Foreign patients seeking an abortion in Germany have to pay for a private operation - but as a political principle, the group ensures no-one that comes to them for help has to pay for any part of their trip abroad, financing medical and travel costs through private donations and funding, including from UK-based charity Abortion Support Network. Volunteers also attend appointments with clients, sometimes acting as translators, and offering them a place to stay - many travel to Berlin alone.
“Apart from the money, the stigma is the biggest obstacle,” Zuza says. “People are very stressed and anxious when coming to Berlin … But this is not related to abortion being a problem, the stigma is what drives people to go through this without telling their friends or relatives or even their partners.”
Even obtaining legal medication like the morning after pill can be difficult in Poland, because a doctor or pharmacist may refuse to prescribe it on the basis of their own conscience. Because of this, volunteers also buy supplies of these pills in Germany and send them to activists in Poland who distribute them within the country.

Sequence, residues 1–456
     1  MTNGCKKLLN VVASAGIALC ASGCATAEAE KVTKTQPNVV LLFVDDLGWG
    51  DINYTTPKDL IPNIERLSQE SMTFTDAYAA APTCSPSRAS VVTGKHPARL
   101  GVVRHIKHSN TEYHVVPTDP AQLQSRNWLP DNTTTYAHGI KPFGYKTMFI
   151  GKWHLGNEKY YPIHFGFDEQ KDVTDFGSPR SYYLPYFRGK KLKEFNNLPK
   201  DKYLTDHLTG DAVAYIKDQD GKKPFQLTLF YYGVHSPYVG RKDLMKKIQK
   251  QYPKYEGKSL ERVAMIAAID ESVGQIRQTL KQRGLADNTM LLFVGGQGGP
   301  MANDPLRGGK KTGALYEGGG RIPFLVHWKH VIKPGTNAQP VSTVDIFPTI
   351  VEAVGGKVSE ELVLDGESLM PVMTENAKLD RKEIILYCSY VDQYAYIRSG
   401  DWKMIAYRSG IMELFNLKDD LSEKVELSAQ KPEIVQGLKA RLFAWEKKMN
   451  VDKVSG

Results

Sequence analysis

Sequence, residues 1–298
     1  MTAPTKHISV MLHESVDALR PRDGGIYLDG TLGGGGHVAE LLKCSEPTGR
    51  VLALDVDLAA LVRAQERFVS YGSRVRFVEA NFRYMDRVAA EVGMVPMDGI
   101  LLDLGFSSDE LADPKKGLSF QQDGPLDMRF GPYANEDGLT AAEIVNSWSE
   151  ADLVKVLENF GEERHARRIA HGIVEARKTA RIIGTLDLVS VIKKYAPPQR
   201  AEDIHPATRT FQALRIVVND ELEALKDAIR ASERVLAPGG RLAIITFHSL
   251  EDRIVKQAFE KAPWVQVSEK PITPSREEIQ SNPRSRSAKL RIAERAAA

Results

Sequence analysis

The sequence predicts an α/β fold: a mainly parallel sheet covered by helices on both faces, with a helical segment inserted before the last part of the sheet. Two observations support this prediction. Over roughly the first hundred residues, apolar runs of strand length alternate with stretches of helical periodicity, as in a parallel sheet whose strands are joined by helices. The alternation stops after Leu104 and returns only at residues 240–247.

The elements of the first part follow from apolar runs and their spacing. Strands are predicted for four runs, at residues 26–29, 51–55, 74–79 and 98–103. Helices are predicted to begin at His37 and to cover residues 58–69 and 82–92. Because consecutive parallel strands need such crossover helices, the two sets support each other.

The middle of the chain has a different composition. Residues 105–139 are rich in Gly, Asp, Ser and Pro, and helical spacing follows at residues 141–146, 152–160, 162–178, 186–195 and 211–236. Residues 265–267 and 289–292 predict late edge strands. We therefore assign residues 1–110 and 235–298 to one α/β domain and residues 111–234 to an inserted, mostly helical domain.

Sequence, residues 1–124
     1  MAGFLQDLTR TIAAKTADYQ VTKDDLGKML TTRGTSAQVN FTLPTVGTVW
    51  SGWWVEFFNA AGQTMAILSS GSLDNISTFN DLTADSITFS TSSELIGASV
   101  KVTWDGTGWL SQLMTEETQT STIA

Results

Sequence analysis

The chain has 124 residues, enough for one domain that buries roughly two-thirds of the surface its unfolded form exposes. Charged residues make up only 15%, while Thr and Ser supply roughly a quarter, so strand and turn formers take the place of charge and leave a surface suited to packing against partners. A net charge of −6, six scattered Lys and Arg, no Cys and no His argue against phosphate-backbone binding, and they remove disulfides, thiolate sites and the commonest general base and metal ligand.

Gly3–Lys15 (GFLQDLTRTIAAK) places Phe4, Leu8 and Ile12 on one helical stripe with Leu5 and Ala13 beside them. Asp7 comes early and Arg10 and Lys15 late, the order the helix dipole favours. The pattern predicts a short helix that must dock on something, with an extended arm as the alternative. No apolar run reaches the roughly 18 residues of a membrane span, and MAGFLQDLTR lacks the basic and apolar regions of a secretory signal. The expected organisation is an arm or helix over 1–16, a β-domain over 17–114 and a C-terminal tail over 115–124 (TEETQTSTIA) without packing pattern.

Some doctors try to exploit vulnerable patients
By now, Ciocia Basia has identified and works with a network of doctors and medical practitioners who are sympathetic to their cause - and sometimes speak Polish. “It’s a long process of finding the right people and establishing trust, but they're out there, and you’d be surprised how many politically engaged doctors are willing to accommodate all the people coming from Poland. We’re incredibly grateful to them,” Zuza says.
The practitioners Ciocia Basia work with typically charge around €400 - but some unscrupulous German doctors exploit Poland’s legal situation to try and turn a profit. Zuza says some clients originally got in touch with the group seeking financial support after speaking to doctors demanding as much as double that price.
“It’s very disturbing but this is a phenomenon that cuts across all realms of access to abortion,” Zuza says. “It starts with websites in Poland that offer pills that turn out to be a placebo or vitamin D, and people pay for those fake pills.”